Reversed halo sign (lungs)
Reversed halo sign, also known as the atoll sign, is defined as central ground-glass opacity surrounded by denser consolidation of crescentic (forming more than three-fourths of a circle) or ring (forming a complete circle) shape of at least 2 mm in thickness. It was initially described on high-resolution CT.
This is in contrast to the more well-known halo sign of invasive fungal infection.
Histopathologically the central area (ground-glass opacity) corresponds to alveolar septal inflammation and cellular debris in alveolar spaces, while the crescent or ring-shaped peripheral air-space consolidation corresponds to granulomatous tissue within the distal air spaces 5.
Initially, it was thought of being highly specific for cryptogenic organising pneumonia (COP), although only seen in about one-fifth of patients with the disease 1.
Whilst the relatively high specificity for the aforementioned entity is preserved, the sign has also been described on standard resolution CT (multi-detector CT, thin sections <3 mm 3,4) with the following pathologies:
- opportunistic invasive fungal infections (IFI)
- granulomatosis with polyangiitis (Wegener's granulomatosis)
- pneumocystis pneumonia
- community-acquired pneumonia
- lymphomatoid granulomatosis
- lipoid pneumonitis
- pulmonary neoplasms
- pulmonary infarction
- following radiation therapy and radiofrequency/microwave ablation of pulmonary malignancies
In severely immunocompromised patients, the sign has been demonstrated as highly suggestive of early infection by an angioinvasive fungus. Suggesting the diagnosis might prove life-saving in patients with prolonged neutropenia or graft-vs-host disease 3,4.
When associated with nodular walls, nodules inside the reversed halo or even centrilobular nodules and pattern of endobronchial spread (tree-in-bud sign), active pulmonary tuberculosis should be high on the list of differential diagnosis 2,3.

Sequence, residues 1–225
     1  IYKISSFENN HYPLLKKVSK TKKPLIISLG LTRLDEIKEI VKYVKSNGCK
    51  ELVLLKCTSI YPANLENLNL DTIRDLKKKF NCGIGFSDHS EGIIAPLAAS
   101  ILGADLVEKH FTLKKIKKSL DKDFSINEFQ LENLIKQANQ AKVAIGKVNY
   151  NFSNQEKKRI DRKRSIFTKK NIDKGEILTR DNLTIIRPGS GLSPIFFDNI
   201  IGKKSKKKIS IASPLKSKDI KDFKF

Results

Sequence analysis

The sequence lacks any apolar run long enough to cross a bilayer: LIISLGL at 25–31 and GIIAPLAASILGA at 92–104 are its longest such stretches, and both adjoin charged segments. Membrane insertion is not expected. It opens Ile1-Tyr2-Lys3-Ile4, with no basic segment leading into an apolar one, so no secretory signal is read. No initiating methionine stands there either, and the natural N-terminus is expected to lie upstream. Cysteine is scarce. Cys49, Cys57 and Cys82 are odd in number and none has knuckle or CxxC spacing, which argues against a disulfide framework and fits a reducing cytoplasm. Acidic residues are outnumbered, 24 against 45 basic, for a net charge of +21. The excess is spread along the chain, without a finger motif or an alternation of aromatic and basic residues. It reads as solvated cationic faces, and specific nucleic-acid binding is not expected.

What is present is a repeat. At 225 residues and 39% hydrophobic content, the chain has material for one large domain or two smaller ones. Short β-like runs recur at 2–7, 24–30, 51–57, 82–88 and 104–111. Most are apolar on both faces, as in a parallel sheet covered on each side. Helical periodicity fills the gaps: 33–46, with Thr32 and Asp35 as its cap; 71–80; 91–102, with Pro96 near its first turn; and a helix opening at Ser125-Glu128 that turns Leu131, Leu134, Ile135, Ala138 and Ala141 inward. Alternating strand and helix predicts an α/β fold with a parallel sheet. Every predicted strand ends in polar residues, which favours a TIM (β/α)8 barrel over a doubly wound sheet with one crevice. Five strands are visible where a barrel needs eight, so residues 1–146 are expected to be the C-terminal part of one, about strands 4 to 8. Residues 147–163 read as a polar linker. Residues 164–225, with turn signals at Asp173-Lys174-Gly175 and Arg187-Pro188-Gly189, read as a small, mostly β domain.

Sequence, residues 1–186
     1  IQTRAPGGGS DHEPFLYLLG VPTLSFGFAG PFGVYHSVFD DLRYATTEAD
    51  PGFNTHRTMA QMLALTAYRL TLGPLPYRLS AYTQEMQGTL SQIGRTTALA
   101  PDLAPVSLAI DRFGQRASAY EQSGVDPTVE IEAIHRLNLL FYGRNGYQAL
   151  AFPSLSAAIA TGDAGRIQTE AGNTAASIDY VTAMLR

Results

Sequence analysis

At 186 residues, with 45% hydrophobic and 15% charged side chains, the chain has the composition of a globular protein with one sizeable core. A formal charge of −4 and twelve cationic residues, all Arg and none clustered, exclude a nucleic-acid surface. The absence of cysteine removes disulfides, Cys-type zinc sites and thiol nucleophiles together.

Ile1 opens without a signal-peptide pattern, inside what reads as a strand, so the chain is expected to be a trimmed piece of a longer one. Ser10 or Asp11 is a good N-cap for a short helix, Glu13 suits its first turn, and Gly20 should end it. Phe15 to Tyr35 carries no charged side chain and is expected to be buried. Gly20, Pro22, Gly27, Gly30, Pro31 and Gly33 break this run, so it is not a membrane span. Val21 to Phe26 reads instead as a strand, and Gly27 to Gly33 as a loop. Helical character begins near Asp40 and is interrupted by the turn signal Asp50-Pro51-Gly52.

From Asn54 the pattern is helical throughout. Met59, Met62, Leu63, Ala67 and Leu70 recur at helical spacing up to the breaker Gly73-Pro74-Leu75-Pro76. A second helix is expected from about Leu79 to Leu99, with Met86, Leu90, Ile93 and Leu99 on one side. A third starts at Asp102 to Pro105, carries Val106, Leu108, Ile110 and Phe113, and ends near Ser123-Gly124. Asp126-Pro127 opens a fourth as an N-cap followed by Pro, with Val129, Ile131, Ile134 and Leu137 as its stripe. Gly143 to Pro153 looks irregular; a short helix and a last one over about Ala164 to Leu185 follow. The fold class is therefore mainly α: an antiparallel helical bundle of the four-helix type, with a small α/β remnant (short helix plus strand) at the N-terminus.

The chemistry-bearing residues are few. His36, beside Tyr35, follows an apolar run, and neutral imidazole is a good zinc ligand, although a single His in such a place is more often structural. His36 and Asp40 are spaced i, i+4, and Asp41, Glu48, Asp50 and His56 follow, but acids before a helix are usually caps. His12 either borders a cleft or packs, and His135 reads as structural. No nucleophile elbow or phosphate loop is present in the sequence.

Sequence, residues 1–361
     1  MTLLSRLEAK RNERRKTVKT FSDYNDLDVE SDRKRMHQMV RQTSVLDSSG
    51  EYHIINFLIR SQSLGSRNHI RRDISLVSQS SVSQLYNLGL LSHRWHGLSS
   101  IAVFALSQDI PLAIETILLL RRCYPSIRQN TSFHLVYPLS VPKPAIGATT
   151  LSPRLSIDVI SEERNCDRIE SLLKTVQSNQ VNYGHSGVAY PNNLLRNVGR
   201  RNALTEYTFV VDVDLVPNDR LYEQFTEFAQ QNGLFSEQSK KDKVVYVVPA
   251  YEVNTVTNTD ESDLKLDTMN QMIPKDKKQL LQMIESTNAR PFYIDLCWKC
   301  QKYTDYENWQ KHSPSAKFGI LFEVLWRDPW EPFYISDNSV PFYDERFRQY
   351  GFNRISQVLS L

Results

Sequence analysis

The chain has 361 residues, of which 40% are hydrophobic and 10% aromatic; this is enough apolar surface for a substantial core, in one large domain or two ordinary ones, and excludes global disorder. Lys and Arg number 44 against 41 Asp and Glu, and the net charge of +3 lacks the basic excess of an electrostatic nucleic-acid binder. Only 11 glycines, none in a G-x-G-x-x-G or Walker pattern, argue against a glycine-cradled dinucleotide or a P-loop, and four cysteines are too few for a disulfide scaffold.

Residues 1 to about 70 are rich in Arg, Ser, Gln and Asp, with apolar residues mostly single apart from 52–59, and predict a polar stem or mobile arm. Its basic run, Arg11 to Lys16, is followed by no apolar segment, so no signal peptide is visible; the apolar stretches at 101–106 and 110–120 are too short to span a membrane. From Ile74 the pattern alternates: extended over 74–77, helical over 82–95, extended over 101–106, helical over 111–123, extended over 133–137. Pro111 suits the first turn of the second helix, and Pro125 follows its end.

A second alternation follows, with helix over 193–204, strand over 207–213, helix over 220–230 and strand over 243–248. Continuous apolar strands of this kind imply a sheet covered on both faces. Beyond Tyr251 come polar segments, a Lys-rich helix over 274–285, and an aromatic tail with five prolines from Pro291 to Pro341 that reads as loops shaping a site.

Role of the radiologist
Integrating the ancillary radiological and clinical data (as exemplified above) should enable substantial narrowing of differential diagnosis. Providing a presumptive final diagnosis may obviate the need for biopsy in selected cases, especially when dealing with immunocompromised patients 3.
Interstitial lung disease
interstitial lung disease
- drug-induced interstitial lung disease
- hypersensitivity pneumonitis
idiopathic interstitial pneumonia (mnemonic)
- acute interstitial pneumonia (AIP)
- cryptogenic organising pneumonia (COP)
- desquamative interstitial pneumonia (DIP)
- idiopathic nonspecific interstitial pneumonia (NSIP)
- idiopathic pleuroparenchymal fibroelastosis
- lymphoid interstitial pneumonia (LIP)
- respiratory bronchiolitis–associated interstitial lung disease (RB-ILD)
- usual interstitial pneumonia / idiopathic pulmonary fibrosis (UIP/IPF)
- 1. Kim SJ, Lee KS, Ryu YH et-al. Reversed halo sign on high-resolution CT of cryptogenic organizing pneumonia: diagnostic implications. AJR Am J Roentgenol. 2003;180 (5): 1251-4. AJR Am J Roentgenol (citation) - Pubmed citation.
- 2. Marchiori E, Zanetti G, Irion KL et-al. Reversed halo sign in active pulmonary tuberculosis: criteria for differentiation from cryptogenic organizing pneumonia. AJR Am J Roentgenol. 2011;197 (6): 1324-7. doi:10.2214/AJR.11.6543 - Pubmed citation
- 3. Godoy MC, Viswanathan C, Marchiori E et-al. The reversed halo sign: update and differential diagnosis. Br J Radiol. 2012;85 (1017): 1226-35. doi:10.1259/bjr/54532316 - Free text at pubmed - Pubmed citation
- 4. Georgiadou SP, Sipsas NV, Marom EM et-al. The diagnostic value of halo and reversed halo signs for invasive mold infections in compromised hosts. Clin. Infect. Dis. 2011;52 (9): 1144-55. doi:10.1093/cid/cir122 - Free text at pubmed - Pubmed citation
- 5. Voloudaki AE, Bouros DE, Froudarakis ME et-al. Crescentic and ring-shaped opacities. CT features in two cases of bronchiolitis obliterans organizing pneumonia (BOOP). Acta Radiol. 1997;37 (6): 889-92. Pubmed citation
- 6. Legouge C, Caillot D, Chrétien ML et-al. The reversed halo sign: pathognomonic pattern of pulmonary mucormycosis in leukemic patients with neutropenia?. Clin. Infect. Dis. 2014;58 (5): 672-8. doi:10.1093/cid/cit929 - Pubmed citation